Bill of the Week: House Bill 2601
Divestment from companies that invest in fossil fuels is an enormous issue for pension funds across the country—and in Salem.
In simple terms, advocates want pension fund managers hired by the Oregon State Treasury to pull pension investments out of companies such as ExxonMobil, Chevron, BP and thousands of smaller companies, both publicly traded and private, that invest in oil, gas and coal and to reinvest the money elsewhere. Divestment as a tool for change goes back to at least the mid-1980s, when U.S. pension funds dumped South African stocks, a tactic historians credit for contributing to the end of apartheid. Since then, activists have pushed fund managers to shun tobacco stocks, arms makers, coal producers, and investments in Iran and Sudan.
Divestment can force change, but it can also bring risk: In a 2020 analysis of the impact of six different divestment programs, CalPERS, the nation’s largest public pension fund, reported that the tactic had cost pensioners more than $2 billion over the previous two decades—all of it related to selling tobacco stocks.
Now, Oregon lawmakers are proposing that this state’s pension funds, including the $90 billion Oregon Public Employees’ Retirement Fund, pivot away from fossil fuel-related investments. It’s an emotional argument laden with facts, figures and charts, and it’s a rare issue that divides Oregon’s largest public employee unions.
Here are the details:
Chief Sponsors: State Reps. Khanh Pham (D-Portland) and Mark Gamba (D-Milwaukie), and state Sen. Jeff Golden (D-Ashland)
What it would do: Prohibit the State Treasury from making any new investments in fossil fuel companies and require that all funds the treasury oversees sell all publicly traded stocks on the “Carbon Underground 200 List” (a compilation of energy stocks) within six months of HB 2601 going into effect.
Problem it seeks to solve: In a public hearing last week, the chief sponsors eloquently described the large and growing impact that burning fossil fuels has on the climate. They and nearly 100 groups in Oregon argue that investing in fossil fuels is both contrary to Oregon’s carbon reduction goals and causes current harm, and is a bad long-term investment since fossil fuel stocks will lose value as consumers shift to greener alternatives. They take aim at Oregon’s publicly traded stocks, which are easy to spot, and they demand scrubbing the Oregon Investment Council’s hefty investments in private equity funds—run by the likes of KKR & Co.—which are opaque and illiquid. “We have an exceptionally hard time grasping what’s going on” with private energy investments, Sen. Golden said. “More than any other states, we don’t know what we’re investing in.”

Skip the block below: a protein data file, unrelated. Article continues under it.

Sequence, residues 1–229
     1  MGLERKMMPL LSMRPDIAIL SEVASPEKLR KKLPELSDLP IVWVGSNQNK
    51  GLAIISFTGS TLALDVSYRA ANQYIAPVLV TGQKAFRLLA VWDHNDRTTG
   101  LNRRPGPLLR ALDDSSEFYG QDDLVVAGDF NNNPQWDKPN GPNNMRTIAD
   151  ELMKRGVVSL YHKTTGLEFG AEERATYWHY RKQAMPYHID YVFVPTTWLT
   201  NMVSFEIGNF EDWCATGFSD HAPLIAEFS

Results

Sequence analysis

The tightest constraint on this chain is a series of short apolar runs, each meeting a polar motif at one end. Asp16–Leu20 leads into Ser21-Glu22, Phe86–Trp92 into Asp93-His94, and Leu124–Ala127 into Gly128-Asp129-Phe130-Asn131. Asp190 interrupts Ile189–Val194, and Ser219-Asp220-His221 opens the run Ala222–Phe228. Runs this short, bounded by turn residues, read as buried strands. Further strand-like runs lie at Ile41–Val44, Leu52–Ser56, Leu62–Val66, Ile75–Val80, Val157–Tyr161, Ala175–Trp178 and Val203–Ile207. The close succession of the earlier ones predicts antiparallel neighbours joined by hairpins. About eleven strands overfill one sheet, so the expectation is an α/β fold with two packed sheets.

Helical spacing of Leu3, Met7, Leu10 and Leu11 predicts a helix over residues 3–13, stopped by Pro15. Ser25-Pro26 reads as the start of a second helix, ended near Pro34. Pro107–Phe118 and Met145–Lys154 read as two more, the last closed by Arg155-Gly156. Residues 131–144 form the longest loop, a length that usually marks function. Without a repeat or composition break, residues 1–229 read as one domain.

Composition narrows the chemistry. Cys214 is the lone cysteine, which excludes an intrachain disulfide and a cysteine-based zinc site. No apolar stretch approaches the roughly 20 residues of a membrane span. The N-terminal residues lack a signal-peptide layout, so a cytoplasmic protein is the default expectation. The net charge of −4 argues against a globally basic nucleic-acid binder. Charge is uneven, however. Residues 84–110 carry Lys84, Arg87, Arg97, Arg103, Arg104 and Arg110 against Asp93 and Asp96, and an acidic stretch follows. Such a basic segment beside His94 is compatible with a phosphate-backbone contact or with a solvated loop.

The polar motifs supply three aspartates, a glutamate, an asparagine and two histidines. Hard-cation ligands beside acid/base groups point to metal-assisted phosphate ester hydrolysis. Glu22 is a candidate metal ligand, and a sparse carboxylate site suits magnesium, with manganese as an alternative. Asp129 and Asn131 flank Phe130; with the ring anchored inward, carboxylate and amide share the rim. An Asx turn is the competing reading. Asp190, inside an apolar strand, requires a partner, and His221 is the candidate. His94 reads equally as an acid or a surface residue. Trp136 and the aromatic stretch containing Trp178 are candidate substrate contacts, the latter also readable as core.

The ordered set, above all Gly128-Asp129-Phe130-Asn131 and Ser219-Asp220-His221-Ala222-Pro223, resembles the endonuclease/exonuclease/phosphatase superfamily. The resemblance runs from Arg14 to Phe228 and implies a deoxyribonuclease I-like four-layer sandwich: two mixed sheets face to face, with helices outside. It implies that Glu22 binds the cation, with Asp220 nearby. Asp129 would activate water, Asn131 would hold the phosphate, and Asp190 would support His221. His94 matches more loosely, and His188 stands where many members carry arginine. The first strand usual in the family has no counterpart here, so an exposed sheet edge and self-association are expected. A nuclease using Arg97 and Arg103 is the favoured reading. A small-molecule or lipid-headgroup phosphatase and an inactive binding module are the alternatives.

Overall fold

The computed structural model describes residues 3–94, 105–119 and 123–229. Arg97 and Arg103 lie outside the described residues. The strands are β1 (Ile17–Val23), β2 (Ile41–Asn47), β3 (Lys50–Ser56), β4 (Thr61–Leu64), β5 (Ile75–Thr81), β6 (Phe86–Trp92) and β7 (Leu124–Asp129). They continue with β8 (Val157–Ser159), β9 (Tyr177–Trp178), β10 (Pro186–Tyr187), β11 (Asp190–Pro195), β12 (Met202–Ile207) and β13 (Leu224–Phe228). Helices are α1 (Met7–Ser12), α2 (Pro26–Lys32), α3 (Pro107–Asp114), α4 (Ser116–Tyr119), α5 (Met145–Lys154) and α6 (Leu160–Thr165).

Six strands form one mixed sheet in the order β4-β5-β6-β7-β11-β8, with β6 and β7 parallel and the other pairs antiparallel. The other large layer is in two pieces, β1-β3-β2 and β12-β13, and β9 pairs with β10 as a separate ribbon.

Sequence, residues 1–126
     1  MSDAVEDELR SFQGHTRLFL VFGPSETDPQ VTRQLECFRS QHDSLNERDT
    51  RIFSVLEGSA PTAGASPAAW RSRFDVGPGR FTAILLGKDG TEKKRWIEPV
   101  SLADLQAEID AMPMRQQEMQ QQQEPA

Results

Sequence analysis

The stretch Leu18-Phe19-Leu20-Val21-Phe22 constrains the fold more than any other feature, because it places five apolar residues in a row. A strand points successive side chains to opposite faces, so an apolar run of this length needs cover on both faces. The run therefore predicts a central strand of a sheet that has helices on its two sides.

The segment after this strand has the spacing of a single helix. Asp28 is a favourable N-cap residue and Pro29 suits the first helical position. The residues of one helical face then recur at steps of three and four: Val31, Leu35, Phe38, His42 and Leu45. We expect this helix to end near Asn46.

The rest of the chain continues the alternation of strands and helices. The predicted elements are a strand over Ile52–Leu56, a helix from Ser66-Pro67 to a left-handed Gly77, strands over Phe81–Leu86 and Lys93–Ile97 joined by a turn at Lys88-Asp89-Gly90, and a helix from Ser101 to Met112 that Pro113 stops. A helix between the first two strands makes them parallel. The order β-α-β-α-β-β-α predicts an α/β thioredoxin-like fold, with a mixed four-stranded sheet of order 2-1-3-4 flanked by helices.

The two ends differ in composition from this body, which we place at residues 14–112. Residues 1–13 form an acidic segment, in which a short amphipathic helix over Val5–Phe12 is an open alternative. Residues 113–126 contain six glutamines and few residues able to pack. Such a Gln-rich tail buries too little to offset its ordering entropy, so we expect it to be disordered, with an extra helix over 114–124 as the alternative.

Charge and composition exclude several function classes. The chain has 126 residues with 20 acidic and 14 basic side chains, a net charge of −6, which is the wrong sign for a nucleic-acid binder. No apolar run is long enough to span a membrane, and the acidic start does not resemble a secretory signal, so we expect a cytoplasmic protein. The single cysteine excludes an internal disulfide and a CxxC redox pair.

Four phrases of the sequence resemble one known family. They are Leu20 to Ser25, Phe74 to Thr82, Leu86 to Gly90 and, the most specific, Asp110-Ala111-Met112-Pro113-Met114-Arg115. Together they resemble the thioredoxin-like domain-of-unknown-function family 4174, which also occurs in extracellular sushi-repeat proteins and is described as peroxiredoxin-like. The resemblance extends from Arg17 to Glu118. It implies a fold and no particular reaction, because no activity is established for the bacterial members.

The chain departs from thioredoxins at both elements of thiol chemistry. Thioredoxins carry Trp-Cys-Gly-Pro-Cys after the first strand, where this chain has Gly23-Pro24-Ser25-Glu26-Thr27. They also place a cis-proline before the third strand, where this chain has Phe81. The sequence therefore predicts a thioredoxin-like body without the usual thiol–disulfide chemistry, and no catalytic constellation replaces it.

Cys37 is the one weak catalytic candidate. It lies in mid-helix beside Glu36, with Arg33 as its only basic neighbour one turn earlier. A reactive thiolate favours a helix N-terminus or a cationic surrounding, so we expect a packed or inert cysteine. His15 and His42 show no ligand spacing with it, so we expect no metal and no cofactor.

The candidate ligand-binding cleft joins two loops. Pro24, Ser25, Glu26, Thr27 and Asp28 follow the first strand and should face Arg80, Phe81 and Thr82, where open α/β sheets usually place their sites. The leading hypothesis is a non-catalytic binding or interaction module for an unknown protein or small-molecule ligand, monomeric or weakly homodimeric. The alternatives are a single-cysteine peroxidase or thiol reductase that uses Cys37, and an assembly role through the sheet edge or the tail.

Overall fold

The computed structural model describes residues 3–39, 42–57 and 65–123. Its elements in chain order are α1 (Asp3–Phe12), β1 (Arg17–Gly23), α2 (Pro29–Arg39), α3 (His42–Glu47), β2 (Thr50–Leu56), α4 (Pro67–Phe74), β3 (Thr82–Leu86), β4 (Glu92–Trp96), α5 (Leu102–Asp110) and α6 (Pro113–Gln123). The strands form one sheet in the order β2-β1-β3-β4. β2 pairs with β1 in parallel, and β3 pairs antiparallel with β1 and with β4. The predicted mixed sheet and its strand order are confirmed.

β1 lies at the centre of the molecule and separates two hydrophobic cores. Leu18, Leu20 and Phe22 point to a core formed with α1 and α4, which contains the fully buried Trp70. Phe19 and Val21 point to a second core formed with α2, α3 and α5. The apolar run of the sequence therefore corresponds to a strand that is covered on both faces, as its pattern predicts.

Who supports it: Divest Oregon and just about every environmental organization in the state, along with some unions whose members have skin in the game, including the Oregon Education Association and the American Federation of Teachers. While many of those groups focus on climate hazards, two highly experienced investment professionals, Chris Abbruzzese, chief investment officer at Rain Capital Management, and Thomas Sanzillo of the Institute for Energy Economics and Financial Analysis argued last week that divestment would in fact reduce the risk of losing money. “Fossil fuels have been major contributors to investment portfolios and the world economy for decades,” Sanzillo said. “This is no longer the case. Exiting from fossil fuels is a strategy designed to protect institutional investment funds from losses.”
Who opposes it: Some longtime lawmakers, such as Senate Minority Leader Tim Knopp (R-Bend), are leery of the Legislature setting investment policy for money that belongs to pensioners who expect maximum returns. “The bill makes a damaging assumption that the money belongs to the state,” Knopp testified. State Treasurer Tobias Read, whose agency, under the direction of the Oregon Investment Council, invests Oregon’s pension money, says divestment reduces options and would cost pensioners about $90 million a year through lower returns. State and local government employers would have to make up those losses with increased pension contributions. That, in turn, could require higher taxes or cuts in services. One of the big three public employee unions, the American Federation of State, County and Municipal Employees, agrees with Read. So does Oregon AFSCME political director Joe Baessler. His 25,000 members worry that the bill “could cause a significant increase in the unfunded liability and an increase in PERS employer rates,” Baessler testified. Testimony on the bill continues Feb. 23.